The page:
In this post, we’ll talk about the Amazon Web Services (AWS) push for sustainability, how AWS feels sustainability responsibility should be split between AWS and builders, and what it might mean for cloud and development in 2022 and beyond.
Earth: it’s the only planet we have. It’s also the only place in the known universe that has pizza. So it probably comes as no surprise that cloud providers are pushing for sustainability so we can keep this whole existing-and-occasionally-eating-pizza party going a bit longer.
At re:Invent 2021, AWS announced it’s ramping up its
pizza-preservation sustainability efforts by adding a new Sustainability Pillar to the AWS Well-Architected Framework and working on an AWS customer carbon footprint tool as two key components of a push to encourage developers to make sustainability a core consideration. Will these moves help developers and organizations go green (or greener) with cloud in the years ahead?
In this post, ACG’s Jess Alvarez and Stephen Sennett share some thoughts on this news and what it will mean for the future of cloud computing.
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Who’s responsible for sustainability: you or AWS?
Talking about sustainability is one thing. (AWS has about a dozen pages boasting their green initiatives to date and yet to come.) But who is going to be making the changes that actually move the needle: developers and their organizations or AWS?
AWS says the answer is “all of the above.”
At re:Invent 2021, AWS introduced its “shared responsibility model for sustainability,” which essentially says that AWS will be responsible for thesustainability of the cloud, while customers are responsible for sustainability in the cloud.
Note: This is not the same as the AWS Shared Responsibility Model (because tech companies are awesome at naming things).
The chart below based on Amazon.com CTO Werner Vogel’s keynote at re:Invent 2021 covers it pretty well if that snappy summary doesn’t do it for you. (You can watch the keynote in its entirety here.)
AWS shared responsibility model for sustainability
|AWS responsibilities||Customer responsibilities|
|Waste||Platform deployments and scaling|
|Data center||Software application design|
|Cooling||Data design and usage|
|Electrical Supply||Data storage|
|Water||Utilization and scaling|
“Typical utilization in the data center is 12–15%,” Vogels said. “It basically means that 85% of the energy you’re using is lost — is useless.”
According to an October 2019 report (commissioned by AWS) and written by 451 Research, moving on-premises workloads to AWS can lower carbon footprint by 88%.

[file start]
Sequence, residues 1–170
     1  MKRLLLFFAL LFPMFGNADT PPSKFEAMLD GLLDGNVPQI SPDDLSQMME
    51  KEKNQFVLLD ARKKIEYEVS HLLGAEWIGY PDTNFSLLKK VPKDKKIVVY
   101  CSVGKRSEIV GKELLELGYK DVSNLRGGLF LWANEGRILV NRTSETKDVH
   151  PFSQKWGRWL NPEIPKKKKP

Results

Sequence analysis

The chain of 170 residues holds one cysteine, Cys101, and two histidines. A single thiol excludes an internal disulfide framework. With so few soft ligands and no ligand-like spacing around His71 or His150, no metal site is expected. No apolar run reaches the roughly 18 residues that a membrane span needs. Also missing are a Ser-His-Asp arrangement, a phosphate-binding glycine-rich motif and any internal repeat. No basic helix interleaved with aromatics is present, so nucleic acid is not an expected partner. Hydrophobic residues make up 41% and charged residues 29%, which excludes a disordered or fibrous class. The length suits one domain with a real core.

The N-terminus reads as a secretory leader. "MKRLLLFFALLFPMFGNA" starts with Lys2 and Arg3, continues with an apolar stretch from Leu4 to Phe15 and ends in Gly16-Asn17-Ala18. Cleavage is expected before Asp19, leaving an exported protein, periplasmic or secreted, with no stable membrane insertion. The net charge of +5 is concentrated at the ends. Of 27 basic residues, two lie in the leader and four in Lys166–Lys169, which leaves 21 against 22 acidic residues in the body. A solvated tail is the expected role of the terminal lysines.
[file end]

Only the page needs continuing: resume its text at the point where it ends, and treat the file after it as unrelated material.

AWS infrastructure is 3.6 times more energy efficient than the average enterprise data center, with most of that advantage due to more energy-efficient servers and higher server utilization, the report also found.
Vogels added that serverless services can really have an impact as they can be engineered for high efficiency far beyond what the average organization could ever achieve.
AWS had originally pledged to be using 100% renewable energy by 2030, but it now predicts it will be fully sustainable by 2025 with a global capacity of 12GW.
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Calculating your organization’s carbon footprint
For organizations wanting to look at their carbon footprint, the process can be difficult.
AsAWS Community Builder Stephen Sennett writes, “Measuring your organization’s climate impact is extremely challenging, let alone when your technology is running on mysterious black boxes in locations half-way around the world that you’ll never see . . . While AWS’s economies of scale definitely mean byte-for-byte, your workload will be less carbon impactful than a traditional datacenter, it’s not enough if you don’t know how your footprint is looking.”
To help with this, AWS is (eventually) rolling out the AWS Customer Carbon Footprint Tool, which the company says is “coming soon.” This tool will offer clear metrics about how much carbon you’re using in your applications and accounting for AWS use of renewable energy.
This announcement marks one of the rare times that AWS announce something that isn’t available, so hopefully that speaks to how seriously they’re taking this and how strongly the believe it will be worked into the development process in the future.
Sustainability becomes part of smart cloud architecture